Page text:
Here’s a look at some employers’ car insurance policies.

Amazon Flex provides drivers with an Amazon Commercial Auto Insurance Policy in all states except New York. To drive for Amazon Flex, you need to be 21 or older, have a valid U.S. driver’s license, drive a mid-sized or larger car and have an iPhone or Android smartphone.  You will need to maintain your own car insurance policy. Amazon’s policy includes $1 million liability car insurance, uninsured/underinsured motorist coverage and collision and comprehensive coverage (contingent upon you having collision and comprehensive coverage on your own car insurance policy). Amazon’s coverage only applies when you’re driving during a delivery block and does not cover any passengers.

New York drivers may need to buy commercial auto insurance.

Domino’s Pizza stores are often locally owned franchises and owners can purchase commercial car insurance coverage types such as non-owner car liability insurance that can cover drivers’ cars during work times. However, the franchise owner’s coverage may not be sufficient and your personal auto insurance may not cover you for car accidents while you’re working.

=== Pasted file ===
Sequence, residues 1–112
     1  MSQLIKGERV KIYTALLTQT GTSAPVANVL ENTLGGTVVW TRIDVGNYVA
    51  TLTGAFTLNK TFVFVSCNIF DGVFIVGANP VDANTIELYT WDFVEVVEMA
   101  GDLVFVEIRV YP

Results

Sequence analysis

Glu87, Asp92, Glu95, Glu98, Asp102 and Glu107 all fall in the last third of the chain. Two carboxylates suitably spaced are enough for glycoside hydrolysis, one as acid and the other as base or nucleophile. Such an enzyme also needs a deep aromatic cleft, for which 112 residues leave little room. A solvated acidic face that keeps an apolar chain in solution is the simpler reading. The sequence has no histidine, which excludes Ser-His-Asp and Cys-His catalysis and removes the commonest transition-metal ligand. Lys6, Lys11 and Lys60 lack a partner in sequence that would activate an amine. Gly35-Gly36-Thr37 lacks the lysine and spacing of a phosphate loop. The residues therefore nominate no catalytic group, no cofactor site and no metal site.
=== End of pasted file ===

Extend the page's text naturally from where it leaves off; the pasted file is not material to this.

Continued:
DoorDash has a commercial auto insurance policy that covers drivers for up to $1 million in bodily injury and property damage if you cause an accident during the “delivery service” period. That period begins when you accept the delivery request until the order is marked as delivered, unassigned or canceled.

You must also have primary car insurance with at least the state minimum coverage. DoorDash’s coverage is an “excess” policy, which means the company’s kicks in after you exhaust your auto insurance coverage following an accident.

GrubHub requires you to have car insurance and does not provide its drivers with any commercial auto insurance.

Instacart’s independent contractor agreement states that you are responsible for getting your own car insurance coverage in amounts “consistent with legal requirements, including any required no fault automobile liability or commercial liability insurance.”

Postmates offers an “excess” auto insurance policy of up to $1 million dollars in liability coverage per accident for property damage and injuries you cause to others. You are required to carry your own car insurance. Postmates’ coverage only kicks in after your own policy limits are exhausted.